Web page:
Diabetes and sugar? There could be a more subtle unspoken criminal; milk. The white stuff may not be the right stuff says Andrew Marszal in his excellent article. Finland, he tells us, has the highest incidence of Type 1 diabetes (the early onset form of the disease) in the world and the highest per capita milk consumption. In contrast, this form of the disease is nearly non-existent in China and south-east Asia where hardly any milk is consumed due to lactose intolerance. He continues to inform us that professor Outi Vaarala at the University of Helsinki has been studying this link for 20 years. She believes that the body develops antibodies against the presence of bovine insulin, which then shut down human insulin production – something infants are particularly prone to, as the intestinal wall is not sufficiently developed to prevent the cow hormone entering the bloodstream. A pilot study supported this hypothesis but firmer results were due to be published in 2013.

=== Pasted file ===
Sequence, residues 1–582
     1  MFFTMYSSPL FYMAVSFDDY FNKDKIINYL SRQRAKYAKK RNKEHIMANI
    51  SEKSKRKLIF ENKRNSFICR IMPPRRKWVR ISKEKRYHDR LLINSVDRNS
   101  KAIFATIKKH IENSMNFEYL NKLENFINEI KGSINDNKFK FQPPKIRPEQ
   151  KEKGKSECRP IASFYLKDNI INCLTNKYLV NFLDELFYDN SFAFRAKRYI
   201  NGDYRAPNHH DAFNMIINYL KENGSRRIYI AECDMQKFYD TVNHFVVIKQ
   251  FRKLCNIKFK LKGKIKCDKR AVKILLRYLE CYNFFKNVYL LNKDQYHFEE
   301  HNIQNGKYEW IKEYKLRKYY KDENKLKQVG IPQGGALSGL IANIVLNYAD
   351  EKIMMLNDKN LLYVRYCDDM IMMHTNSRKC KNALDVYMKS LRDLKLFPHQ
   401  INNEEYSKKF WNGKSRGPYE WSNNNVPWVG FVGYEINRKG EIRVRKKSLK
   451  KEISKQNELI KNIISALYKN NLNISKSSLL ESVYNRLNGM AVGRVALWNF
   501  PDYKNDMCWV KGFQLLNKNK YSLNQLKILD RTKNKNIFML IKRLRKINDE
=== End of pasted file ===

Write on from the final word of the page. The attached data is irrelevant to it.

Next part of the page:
Milk, Diabetes and Heart Disease
Milk has been linked to Type 2 diabetes and heart disease because of the sheer amount of energy in the liquid, he says. “Remember, it doubles a calf’s weight in 47 days compared to 180 it takes humans.” Even in low fat milk there are high levels of cholesterol and saturated fat. He quotes Joseph Keon’s book, Whitewash: “The fat in semi-skimmed milk could make up 2% of the weight, but 34% of the calories.” Now you know why we have so many plump little drinkers of cows’ milk. Milk may well be a cause of obesity as well as diabetes. Now add milk to your cereals and have a fizzy drink later and …
Now add to the problem the fact that in primary schools many teachers withhold P.E. classes as a form of punishment for “being bold” and/or don’t bother because someone from the GAA will be in this week to teach hurling and, “Ah sure, that’ll do them and I can have me coffee instead.”